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Nine days on, Belfast streets are given Twelfth clean-up they badly needed

Just days ago retailers and tourists had been complaining about the filthy state of Belfast's main shopping thoroughfare which had been left blackened, sticky and strewn with litter after the Twelfth celebrations.

The streets had become a talking point for visitors and shoppers after the unbroken spell of hot weather left the post-Twelfth pavements sticky with melted gum and stained with dirt.

But yesterday – nine days after tens of thousands of people had enjoyed the annual Orange parade – Belfast City Council workers finally took to the streets around Royal Avenue for a major clean-up operation. Prolonged temperatures in the high 20s and 17 days without rain had also taken their toll on the grimy streets.

After several hours of brushing and power-hosing the pavements in front of Belfast City Hall had been restored to their usual shade of silver.

Chief executive of the Northern Ireland Independent Retail Trade Association, Glyn Roberts, welcomed the spruced-up appearance of the streets.

He had been one of those who had expressed concerns about the negative image being portrayed by the dirt. The week-long delay had been blamed on confusion over who was responsible for the operation – the Department for Social Development (DSD) or Belfast City Council. It had also been claimed that the recent loyalist riots in north and east Belfast had put a strain on resources.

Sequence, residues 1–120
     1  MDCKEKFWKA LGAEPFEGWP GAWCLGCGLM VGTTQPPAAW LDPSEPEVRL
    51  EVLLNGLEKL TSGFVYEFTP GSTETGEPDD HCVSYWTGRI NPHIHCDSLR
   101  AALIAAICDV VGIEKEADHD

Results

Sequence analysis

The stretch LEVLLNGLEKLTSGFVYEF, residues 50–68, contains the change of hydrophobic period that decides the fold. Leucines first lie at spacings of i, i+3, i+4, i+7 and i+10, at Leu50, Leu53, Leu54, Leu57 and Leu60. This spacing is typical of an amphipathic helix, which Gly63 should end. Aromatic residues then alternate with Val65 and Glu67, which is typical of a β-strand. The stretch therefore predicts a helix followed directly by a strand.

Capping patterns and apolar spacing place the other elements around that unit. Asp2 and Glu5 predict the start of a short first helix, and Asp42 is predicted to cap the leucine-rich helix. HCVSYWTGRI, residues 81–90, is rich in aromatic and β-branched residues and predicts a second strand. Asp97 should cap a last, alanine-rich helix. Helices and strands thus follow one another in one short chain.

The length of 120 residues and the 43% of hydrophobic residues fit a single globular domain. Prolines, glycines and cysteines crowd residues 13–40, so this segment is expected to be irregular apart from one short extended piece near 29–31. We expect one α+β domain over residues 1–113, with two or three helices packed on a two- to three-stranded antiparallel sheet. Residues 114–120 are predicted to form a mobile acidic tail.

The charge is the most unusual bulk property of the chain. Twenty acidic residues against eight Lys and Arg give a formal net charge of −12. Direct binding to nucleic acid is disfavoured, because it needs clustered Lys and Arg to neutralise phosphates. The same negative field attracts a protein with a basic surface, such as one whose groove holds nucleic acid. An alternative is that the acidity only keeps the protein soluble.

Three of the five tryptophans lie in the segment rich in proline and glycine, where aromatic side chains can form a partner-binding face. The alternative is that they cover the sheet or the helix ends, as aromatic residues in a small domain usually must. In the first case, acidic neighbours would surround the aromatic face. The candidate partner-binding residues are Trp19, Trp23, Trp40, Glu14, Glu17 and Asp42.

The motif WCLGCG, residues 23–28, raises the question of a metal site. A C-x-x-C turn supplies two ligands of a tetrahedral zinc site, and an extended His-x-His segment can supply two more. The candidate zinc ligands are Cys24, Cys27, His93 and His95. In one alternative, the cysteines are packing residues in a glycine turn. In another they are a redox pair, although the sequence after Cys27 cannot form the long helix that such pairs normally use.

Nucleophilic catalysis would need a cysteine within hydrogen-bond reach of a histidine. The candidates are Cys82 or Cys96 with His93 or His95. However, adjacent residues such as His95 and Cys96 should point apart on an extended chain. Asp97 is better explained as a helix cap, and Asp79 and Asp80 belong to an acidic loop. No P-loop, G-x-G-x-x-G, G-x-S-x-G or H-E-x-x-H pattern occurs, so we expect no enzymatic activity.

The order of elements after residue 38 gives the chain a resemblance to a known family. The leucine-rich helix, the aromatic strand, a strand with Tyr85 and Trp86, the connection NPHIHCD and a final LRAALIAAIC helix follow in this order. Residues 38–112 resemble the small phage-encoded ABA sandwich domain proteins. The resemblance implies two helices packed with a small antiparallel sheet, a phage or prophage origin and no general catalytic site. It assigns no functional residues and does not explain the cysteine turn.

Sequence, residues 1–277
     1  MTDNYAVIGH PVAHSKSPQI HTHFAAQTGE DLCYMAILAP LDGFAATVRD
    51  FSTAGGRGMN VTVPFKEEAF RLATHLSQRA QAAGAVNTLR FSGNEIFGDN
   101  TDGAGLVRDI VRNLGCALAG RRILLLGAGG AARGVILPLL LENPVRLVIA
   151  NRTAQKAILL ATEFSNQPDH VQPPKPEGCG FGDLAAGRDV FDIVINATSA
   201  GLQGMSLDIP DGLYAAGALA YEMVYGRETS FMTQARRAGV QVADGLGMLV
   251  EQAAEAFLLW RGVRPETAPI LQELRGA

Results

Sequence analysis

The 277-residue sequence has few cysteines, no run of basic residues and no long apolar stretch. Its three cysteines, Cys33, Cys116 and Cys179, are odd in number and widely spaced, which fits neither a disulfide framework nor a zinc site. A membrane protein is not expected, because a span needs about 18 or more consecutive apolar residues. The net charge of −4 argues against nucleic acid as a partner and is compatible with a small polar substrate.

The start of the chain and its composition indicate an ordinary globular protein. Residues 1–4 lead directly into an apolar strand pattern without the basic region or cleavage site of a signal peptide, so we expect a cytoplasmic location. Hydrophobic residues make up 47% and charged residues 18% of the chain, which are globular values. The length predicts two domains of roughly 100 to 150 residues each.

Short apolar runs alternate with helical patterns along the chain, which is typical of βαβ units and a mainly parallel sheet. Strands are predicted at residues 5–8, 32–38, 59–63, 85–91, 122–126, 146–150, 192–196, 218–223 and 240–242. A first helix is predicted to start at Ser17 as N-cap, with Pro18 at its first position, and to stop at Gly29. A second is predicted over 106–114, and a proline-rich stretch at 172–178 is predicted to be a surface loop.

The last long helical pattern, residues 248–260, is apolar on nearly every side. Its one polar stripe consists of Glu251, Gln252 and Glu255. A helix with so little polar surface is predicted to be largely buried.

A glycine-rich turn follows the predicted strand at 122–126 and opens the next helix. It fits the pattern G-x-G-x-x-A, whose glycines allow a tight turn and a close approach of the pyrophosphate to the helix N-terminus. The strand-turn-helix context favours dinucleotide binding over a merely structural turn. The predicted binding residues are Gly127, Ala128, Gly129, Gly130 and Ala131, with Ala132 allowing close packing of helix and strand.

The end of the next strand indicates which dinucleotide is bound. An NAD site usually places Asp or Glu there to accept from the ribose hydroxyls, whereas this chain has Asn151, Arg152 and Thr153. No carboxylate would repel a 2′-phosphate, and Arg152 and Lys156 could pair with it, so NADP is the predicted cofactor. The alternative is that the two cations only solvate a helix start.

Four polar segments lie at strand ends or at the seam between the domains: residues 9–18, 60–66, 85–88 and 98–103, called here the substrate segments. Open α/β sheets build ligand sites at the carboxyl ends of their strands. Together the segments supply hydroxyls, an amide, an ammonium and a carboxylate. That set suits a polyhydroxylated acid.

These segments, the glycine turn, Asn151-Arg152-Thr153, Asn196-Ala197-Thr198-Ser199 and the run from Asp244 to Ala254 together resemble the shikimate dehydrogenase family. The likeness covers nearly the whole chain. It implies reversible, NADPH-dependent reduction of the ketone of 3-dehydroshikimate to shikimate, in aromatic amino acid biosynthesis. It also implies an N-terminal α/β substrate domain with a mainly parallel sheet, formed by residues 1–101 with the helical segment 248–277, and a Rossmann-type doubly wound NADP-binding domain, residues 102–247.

Last Tuesday, DSD – which manages the shopping area along Royal Avenue and Donegall Place – requested that Belfast City Council carry out a deep clean.

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However, the council said it would be waiting until yesterday when footfall was at a minimum to undertake the mammoth chore.

A spokesperson for Belfast City Council said last week that although it is not a legal requirement for the local authority to carry out street washing, there is an agreement in place with DSD that it will wash the new natural stone pavements in the city centre, for payment, throughout the year. Mr Roberts (below) said: "I am very pleased and delighted that they have taken this action.

"It's a fantastic opportunity with so many tourists to showcase the beauty of Belfast city centre. It is important for visitors to see the city centre attractive."

He has also called for other towns and city centres to follow suit as tourists continue to visit Northern Ireland over the summer months.

"I hope we can ensure all our towns and city centres can look their very best," he said.

Commenting on the cleaning delay, Mr Roberts said: "I think generally there needs to be far greater partnership between DSD, the Department of the Environment and local councils, who all have responsibility for town centres."

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